This weekend, I took them to K1, and whenever I go to a track, I have this thing, I always watch for people who look like they really know what they're doing. Whenever you're driving, and especially if you go to a track day or an event or something like that, there's usually one or two or three people out there that really know how to drive. Typically, when I go to this indoor carting track, I usually win most of the races, I've been driving for a long time. Driving's one of those disciples, unlike a lot of sports, where as you get older, it gets more difficult. Driving's a discipline where, as you get older, you can actually get better. Even though your reaction times go down, you learn more strategy, you learn more discipline, more patience, which are all things that also correlate to business.
Whenever I go to a track, I also, I look around and see if they're ... it looks like somebody who's ... if there's somebody out there who's really quick. This weekend, I spotted this kid a mile away. We were at the track and we were all getting ready to get into our cars, and this kid came walking up and he had the logo for the racetrack on his shirt, he had a carbon fiber helmet like the one I use. Helmets are $300 or $400, carbon fiber, $800 to $1,200, so usually if somebody has a really expensive helmet, they know what they're doing. I'm straightforward, I just turn to him and said, "Hey, are you pretty quick?" And he said, "Well, I'm the pro for this company, and they fly me around the country to teach their cart academies. I taught an academy this morning and I was just going to get out on the track and drive a couple times."
I said, "That's fantastic. Hey, do you mind if I tuck in behind you?" Here's the reason that I said that, there's this way that you learn how to drive on a track called lead and follow. It's where you follow someone around the track. Now, here's why this is so much better. Now, I've been driving on a track for over two decades, I've been racing cars for over 20 years. I remember ages ago, the first time I ever went to a track and got coached, it was the most frustrating thing ever.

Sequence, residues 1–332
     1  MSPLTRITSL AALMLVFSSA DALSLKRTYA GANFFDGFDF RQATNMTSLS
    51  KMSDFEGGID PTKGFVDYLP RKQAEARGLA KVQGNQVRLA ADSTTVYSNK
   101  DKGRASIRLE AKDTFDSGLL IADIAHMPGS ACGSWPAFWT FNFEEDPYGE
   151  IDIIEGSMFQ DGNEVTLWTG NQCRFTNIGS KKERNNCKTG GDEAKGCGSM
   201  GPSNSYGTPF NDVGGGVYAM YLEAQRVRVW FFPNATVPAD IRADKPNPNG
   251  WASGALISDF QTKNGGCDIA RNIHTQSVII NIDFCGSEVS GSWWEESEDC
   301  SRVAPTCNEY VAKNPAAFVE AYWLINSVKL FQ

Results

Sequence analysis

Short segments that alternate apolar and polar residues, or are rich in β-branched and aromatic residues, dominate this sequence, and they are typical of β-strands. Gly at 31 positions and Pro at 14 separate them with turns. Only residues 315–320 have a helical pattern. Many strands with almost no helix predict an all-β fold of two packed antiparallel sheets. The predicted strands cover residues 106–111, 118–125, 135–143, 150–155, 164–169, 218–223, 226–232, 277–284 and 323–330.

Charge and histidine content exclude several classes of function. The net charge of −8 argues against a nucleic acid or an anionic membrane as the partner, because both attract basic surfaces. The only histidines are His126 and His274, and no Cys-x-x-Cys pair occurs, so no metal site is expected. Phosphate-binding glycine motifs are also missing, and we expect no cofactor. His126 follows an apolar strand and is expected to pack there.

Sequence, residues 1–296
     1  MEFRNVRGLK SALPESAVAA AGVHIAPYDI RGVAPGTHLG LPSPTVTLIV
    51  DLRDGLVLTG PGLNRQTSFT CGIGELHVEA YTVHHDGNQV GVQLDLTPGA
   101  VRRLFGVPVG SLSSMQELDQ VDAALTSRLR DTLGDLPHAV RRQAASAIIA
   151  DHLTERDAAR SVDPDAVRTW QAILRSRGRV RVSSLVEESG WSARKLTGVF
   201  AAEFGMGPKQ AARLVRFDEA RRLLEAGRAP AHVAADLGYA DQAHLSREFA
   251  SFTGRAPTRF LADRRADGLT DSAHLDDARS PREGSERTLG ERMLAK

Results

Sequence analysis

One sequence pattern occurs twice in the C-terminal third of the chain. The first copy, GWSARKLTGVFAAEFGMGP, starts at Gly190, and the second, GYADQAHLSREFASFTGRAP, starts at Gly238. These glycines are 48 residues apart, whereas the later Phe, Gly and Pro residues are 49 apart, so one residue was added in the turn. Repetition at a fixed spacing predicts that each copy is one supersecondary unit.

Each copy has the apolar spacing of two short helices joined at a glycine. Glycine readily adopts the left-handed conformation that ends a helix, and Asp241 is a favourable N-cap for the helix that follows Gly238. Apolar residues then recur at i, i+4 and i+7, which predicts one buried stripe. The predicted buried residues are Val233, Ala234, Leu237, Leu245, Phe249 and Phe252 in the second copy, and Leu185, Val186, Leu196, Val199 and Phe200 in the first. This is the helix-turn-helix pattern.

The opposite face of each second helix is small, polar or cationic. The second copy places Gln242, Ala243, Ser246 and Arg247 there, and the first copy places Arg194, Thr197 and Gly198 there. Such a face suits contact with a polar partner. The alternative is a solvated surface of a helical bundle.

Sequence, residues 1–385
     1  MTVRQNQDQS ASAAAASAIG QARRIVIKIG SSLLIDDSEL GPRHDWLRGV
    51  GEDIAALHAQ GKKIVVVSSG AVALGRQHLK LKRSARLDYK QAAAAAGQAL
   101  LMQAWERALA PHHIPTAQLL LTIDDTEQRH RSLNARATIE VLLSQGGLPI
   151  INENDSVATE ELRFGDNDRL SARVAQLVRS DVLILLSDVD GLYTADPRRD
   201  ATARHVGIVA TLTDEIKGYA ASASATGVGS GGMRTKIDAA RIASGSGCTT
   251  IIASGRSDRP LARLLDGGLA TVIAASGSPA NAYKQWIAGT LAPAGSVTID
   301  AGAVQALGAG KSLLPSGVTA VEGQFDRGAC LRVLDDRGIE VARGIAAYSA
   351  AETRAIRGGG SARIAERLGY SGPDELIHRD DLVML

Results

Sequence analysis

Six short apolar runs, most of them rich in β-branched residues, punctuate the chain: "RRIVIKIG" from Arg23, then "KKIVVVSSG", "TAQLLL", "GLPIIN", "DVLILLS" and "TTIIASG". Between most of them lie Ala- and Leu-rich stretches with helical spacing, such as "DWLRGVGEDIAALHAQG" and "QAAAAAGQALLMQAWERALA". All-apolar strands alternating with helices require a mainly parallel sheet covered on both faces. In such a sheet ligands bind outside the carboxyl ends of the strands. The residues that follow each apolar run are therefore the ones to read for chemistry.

See, I'll give you the contrast between coaching and lead and follow. Here's what coaching is, you get into a car and there's an instructor sitting next to you, and they're telling you what to do with your car. But here's the problem, a track might have anywhere from 12 to 21 turns, or even more. What they're telling you to do is, "Hey, hit the apex of this turn here," or "Turn in harder here," and the problem is, if you miss and you pass that turn, you have to wait til you get all the way around the track and then you try it again, and you forget the coaching that you already got.
The easiest way to learn a track and the fastest way to lead how to get really quick on a track is to tuck in right on somebody's rear bumper who really knows what they're doing and do everything they do. You just follow them exactly around the track, and you do what's called lead and follow. Then here's why there's such a difference, rather than having somebody tell you what to do, you get to observe exactly what the person in front of you is doing and you just put your car in the same place. I remember, when I first started track driving, I had been coached a lot, I had somebody sitting next to me. Typically you have a communication intercom system in your helmet, so the person's talking to you, you're talking to them. I had gotten a lot of coaching and I'd gotten quick, really quick, but it wasn't until I went to a race and a guy said, "Hey," one of the really top racers said, "Hey, I'm warming up, you want to come out and do some lead and follow?" I was like, "Of course. Can you tell me what we're doing?" And he said, "Yeah. Just tuck in behind me, I'll take you around the track as fast as we can." He said, "I'll take it easy on the first couple laps, and then as I speed up, you just stick with me."
I remember getting out on the track with this guy and following him, and I stayed like 5 to 10 feet off his rear bumper, you never do that on the street, but I was really tight. It was a completely different experience. I remember thinking he took turns so much different than I did, and his line was so much better than mine. I would follow him through turns, and when you're driving on a track and you hit a turn perfectly, it's like hitting a golf ball perfectly. It's like there's this exhilarating feeling of momentum and g-forces and just knowing that you put the car right on its edge and it's pushing through the turn as fast as possible. I get a little excited just talking about it. I bet you can tell.